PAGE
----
I often receive questions like this. Sometimes patrons will see on census records a birth place of NC, but the person lived most of his life in another place. It is so tempting when we see new information for an ancestor that we just want to jump forward in our research and find out more. Sometimes in these situations, patrons don’t know anything about who the parents are and have only seen records of the ancestor in question as an adult; they have not yet identified the parents. It is easy to assume that once you know the birth place, you can find the parents, but that is not often the case.
This Week’s NC County of the Week: Richmond County
This week we’ll share snapshots of Richmond County’s stories and people, resources and documentary collections, and tips for researching the county’s history.
Located in the southern Piedmont and bordering South Carolina, Richmond County was formed in 1789, one of 10 counties formed in North Carolina the same year during the American Revolution.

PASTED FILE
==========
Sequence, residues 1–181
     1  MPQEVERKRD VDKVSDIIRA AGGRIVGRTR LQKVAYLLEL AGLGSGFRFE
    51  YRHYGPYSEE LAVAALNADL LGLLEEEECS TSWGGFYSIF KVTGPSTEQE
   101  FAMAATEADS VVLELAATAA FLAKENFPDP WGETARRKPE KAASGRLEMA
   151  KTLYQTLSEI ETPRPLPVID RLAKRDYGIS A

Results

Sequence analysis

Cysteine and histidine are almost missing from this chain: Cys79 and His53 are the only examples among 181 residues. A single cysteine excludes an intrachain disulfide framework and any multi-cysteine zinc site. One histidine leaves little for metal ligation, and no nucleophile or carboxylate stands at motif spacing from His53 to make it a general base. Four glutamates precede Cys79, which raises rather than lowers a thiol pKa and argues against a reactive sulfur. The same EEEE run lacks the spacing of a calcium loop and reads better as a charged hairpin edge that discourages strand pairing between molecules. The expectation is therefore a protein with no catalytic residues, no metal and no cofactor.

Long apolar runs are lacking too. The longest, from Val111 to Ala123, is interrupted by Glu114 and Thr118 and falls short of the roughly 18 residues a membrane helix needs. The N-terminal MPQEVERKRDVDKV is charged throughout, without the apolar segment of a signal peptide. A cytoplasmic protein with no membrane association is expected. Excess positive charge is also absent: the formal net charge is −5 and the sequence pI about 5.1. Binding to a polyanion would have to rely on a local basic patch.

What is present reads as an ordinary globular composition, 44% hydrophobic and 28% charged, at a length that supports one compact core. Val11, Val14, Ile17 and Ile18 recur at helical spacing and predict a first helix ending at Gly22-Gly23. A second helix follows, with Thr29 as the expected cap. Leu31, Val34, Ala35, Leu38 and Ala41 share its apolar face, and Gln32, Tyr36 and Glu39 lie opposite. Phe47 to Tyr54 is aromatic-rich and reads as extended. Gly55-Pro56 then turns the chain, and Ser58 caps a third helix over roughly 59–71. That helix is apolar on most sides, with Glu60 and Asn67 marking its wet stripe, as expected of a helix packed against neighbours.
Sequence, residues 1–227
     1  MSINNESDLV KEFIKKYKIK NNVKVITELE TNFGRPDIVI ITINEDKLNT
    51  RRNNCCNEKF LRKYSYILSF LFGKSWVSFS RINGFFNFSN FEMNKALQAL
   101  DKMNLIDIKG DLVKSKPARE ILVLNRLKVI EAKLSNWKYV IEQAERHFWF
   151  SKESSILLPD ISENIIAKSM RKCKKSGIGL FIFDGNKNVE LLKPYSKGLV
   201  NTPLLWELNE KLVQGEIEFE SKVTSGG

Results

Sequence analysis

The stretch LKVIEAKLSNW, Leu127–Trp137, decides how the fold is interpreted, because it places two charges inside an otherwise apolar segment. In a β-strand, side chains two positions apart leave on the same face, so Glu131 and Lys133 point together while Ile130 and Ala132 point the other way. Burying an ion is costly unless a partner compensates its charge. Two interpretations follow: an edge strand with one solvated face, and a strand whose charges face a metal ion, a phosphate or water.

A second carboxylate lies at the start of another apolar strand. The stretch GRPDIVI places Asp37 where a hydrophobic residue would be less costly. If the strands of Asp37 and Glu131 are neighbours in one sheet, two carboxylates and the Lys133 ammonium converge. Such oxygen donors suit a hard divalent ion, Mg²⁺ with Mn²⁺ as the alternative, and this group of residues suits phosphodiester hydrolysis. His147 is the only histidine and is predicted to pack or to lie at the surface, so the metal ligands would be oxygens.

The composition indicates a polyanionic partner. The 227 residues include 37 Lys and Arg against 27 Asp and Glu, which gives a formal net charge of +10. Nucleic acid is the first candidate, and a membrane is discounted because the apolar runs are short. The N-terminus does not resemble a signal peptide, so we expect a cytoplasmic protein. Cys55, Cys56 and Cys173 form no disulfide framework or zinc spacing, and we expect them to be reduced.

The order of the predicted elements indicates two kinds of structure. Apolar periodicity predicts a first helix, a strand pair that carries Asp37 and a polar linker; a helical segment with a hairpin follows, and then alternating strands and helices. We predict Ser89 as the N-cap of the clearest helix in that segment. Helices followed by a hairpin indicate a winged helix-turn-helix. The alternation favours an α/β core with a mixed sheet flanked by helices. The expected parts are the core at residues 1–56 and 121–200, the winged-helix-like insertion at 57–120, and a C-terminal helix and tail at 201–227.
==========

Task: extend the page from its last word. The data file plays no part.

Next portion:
Richmond County was named for Charles Lennox, the Third duke of Richmond, a British military officer and Whig politician who was known to be sympathetic to the American colonies.
The county seat was originally called Richmond Courthouse and changed to Rockingham in 1785 to honor Charles Watson-Wentworth, 2nd Marquess of Rockingham, Whig and two-time Prime Minister who was outspoken in his opposition to the Crown and Pariliament’s policies that lead to the American Revolution.
Check out new content in NCpedia, North Carolina’s Online Encyclopedia!
North Carolina African American History (from the Research Branch, NC Office of Archives and History)
North Carolina Sports Legends (from the GHL)
Using Private Collections for Genealogical Research
August 22, 2015, 10-11a.m.
Join us for a free genealogy workshop presented by the North Carolina Government and Heritage Library and the State Archives of North Carolina.
Materials such as family papers, church and organizational records can be valuable resources when conducting genealogical research. Join us as we discuss private collections, what kinds of information you can find and the holdings of the North Carolina Government and Heritage Library and State Archives of North Carolina.
Program will be held at the Archives/State Library Building
109 E. Jones Street, Raleigh, North Carolina.
To register or for more information please call (919)807-7450 or email email@example.com.